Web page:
It’s Time to Talk about Black Fatigue

While leading diversity and inclusion sessions in corporations, Mary-Frances Winters repeatedly heard Millennials say they were exhausted.

“I was like, exhausted? How are you exhausted? You’re 30 years old,” recalls Winters, a Baby Boomer and longtime diversity and inclusion leader who spoke in January at the Justice, Equity and Inclusion Speaker Series event, Black Fatigue: Racism and Its Impacts on Mental Health. The event was presented by the Massachusetts Conference for Women, The Boston Globe, and State Street.

But as she pressed further, she heard them say they were exhausted from microaggressions, continued acts of racism and discrimination, and the amplification of it all over social media.

“That got me thinking,” says Winters, founder and CEO of The Winters Group and author of Black Fatigue: How Racism Erodes the Mind, Body, and Spirit.

“What I am learning from my younger brothers and sisters is that we are fatigued, and we have to take care of ourselves,” says Winters. Since researching the topic for her new book, she adds, she has also learned that scientists are increasingly recognizing a correlation between racism and physical and mental maladies.

That is why it is critical, she says, that we finally have real conversations about racism by understanding the cycles of Black Fatigue, the striking lack of progress on racial equity, and the words we need to be willing to use to have meaningful conversations about racism now.

The Cycle of Black Fatigue

Winters defines Black Fatigue as the “repeated variations of stress caused by centuries of racism resulting in extreme exhaustion causing physical, mental and spiritual maladies that are passed down from generation to generation.”

Stress caused by racism is passed down, among other ways, by getting into the cellular system, she says.

And, that leads to inherited disparities in health, with new studies showing that discrimination leads to aging faster, a lifelong buildup of stress, and eventually higher levels of disease and mortality.

A Striking Lack of Progress on Racial Equity

“People have asked why have there been protests? Because we have not made progress,” Winters says. “They ask: Why haven’t we made progress? It’s because of systemic racism.” Consider highlights of the socio-economic snapshot Winters presented:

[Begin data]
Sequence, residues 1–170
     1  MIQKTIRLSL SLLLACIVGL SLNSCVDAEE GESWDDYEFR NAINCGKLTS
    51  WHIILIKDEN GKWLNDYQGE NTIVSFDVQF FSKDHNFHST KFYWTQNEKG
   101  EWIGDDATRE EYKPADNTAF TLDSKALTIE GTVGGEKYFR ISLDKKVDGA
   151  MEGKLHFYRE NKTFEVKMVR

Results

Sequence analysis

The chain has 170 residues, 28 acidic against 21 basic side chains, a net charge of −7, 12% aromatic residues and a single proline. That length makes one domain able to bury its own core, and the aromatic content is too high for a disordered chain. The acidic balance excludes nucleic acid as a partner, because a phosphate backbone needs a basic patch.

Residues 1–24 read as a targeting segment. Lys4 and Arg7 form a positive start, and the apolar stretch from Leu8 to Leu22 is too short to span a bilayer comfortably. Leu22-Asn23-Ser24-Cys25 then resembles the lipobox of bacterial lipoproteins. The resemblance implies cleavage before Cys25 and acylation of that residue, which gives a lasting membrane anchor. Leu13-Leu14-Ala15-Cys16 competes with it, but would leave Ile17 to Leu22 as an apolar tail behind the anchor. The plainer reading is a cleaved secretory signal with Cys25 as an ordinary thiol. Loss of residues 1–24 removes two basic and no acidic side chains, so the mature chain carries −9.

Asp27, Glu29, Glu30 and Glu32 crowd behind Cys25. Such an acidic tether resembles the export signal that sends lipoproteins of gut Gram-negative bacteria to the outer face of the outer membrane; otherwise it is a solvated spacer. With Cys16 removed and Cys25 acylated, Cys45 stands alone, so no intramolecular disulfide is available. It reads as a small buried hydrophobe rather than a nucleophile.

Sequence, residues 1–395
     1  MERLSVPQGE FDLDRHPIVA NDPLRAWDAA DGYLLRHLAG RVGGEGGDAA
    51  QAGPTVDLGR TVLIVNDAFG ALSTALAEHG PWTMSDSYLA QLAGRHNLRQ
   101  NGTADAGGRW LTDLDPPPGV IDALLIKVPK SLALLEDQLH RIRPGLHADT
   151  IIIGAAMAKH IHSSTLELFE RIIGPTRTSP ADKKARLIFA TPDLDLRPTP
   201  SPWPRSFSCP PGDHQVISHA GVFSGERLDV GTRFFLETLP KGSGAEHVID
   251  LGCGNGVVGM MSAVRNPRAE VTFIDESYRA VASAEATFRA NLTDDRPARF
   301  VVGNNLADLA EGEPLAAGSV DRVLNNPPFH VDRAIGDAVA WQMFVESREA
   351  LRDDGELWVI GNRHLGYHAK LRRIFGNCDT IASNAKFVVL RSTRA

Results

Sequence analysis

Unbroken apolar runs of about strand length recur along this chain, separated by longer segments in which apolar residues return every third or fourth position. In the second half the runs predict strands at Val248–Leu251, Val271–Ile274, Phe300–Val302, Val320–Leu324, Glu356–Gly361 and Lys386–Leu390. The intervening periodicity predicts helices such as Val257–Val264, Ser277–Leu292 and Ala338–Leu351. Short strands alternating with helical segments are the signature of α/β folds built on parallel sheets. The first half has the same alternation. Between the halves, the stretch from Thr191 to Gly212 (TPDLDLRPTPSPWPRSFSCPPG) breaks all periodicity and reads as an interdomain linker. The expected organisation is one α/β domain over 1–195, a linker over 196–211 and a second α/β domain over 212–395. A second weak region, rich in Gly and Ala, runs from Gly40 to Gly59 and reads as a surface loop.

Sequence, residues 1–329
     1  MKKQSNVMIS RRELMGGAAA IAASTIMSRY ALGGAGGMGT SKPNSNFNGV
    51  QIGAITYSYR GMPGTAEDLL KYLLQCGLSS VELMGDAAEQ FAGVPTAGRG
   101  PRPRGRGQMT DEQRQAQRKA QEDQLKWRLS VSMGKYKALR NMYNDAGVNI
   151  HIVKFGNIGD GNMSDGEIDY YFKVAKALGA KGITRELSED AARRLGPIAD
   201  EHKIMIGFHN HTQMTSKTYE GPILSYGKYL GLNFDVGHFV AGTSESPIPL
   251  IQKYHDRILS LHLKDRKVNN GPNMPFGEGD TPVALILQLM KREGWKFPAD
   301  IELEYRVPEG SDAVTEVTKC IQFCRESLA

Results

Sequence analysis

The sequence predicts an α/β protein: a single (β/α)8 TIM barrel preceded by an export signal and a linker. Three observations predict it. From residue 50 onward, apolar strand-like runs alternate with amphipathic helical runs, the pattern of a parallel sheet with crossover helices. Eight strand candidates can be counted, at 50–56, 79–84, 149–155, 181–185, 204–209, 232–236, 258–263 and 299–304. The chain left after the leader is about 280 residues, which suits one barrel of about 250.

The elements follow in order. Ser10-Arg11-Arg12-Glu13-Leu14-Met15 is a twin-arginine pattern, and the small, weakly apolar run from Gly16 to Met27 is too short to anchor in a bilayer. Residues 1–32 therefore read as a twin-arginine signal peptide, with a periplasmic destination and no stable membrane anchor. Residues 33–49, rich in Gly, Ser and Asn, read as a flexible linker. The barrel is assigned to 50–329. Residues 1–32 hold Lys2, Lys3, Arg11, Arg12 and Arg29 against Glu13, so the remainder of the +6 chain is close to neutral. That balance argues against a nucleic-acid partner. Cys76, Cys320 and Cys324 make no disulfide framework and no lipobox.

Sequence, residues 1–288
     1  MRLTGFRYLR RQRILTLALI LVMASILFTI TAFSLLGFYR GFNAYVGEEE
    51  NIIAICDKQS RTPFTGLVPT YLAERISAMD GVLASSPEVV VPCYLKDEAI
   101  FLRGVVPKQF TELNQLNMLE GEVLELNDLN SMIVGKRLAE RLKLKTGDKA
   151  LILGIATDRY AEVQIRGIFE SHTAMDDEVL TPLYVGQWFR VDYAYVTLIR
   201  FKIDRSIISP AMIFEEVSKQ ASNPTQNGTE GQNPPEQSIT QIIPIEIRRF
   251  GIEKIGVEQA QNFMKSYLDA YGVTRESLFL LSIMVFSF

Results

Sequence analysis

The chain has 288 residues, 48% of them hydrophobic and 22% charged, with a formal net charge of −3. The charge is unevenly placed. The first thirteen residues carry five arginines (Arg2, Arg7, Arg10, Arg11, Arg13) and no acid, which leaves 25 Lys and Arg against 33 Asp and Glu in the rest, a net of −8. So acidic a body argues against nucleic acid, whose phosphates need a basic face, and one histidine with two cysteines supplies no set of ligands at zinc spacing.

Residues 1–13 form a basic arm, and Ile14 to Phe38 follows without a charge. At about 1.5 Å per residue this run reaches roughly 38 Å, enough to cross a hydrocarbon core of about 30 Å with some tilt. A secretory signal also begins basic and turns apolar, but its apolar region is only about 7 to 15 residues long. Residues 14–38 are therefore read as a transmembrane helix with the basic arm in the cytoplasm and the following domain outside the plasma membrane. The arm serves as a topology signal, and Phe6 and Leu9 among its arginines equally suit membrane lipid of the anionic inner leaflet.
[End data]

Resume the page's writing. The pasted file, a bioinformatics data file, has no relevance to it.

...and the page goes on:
• Homeownership
    • In 1976, 44 percent of Blacks owned homes.
    • In 2015, 43 percent did.
    • All other groups increased their rate of homeownership.
  • Median household income
    • In 2007, it was approximately $40,000.
    • In 2017, it remained approximately $40,000.
    • All other groups increased their median household income (with the exception of Asians, who started with a significantly higher income.)
  • Unemployment: Black and brown people are 30 percent less likely to get a call back after an interview.
  • Incarceration
    • Black people represent 12 percent of the population.
    • They represent 33 percent of the people in prison.
  • Education
    • In 1954, the U.S. Supreme Court ruled in Brown v. the Board of Education that state laws establishing racial segregation in public schools are unconstitutional.
    • Today, schools are more segregated than they were in 1954.
  • Voter suppression: It was not only rampant in last year’s election. It has been since 1865.

Words We Need to Be Willing to Say

“We haven’t had the conversations about racism in the past because of white fragility, embarrassment, shame, guilt,” says Winters. “I think we have to get over that and have the conversation.” And to do so, White says there are certain words we need to be willing to say that many have hesitated to say before. They include:

  • White supremacy: “Many people think when you say ‘white supremacy’ you are talking about people in hoods and neo-Nazis but there is a culture, an ideology of white supremacy we have to talk about,” says Winters.
  • Equity. “Some organizations won’t put ‘equity’ in their diversity framework. But equity recognizes that there is not a level playing field.”
  • Anti-racism. “Organizations don’t like to use ‘anti-racism’ because they fear someone might file a lawsuit,” says Winters. But it has to be acknowledged that anti-racism efforts are required to change the system.
  • Privilege. “I often hear from white people ‘I don’t have privilege because I grew up poor.’ But ‘privilege’ is not binary. You might not have it in some aspects and have it in others.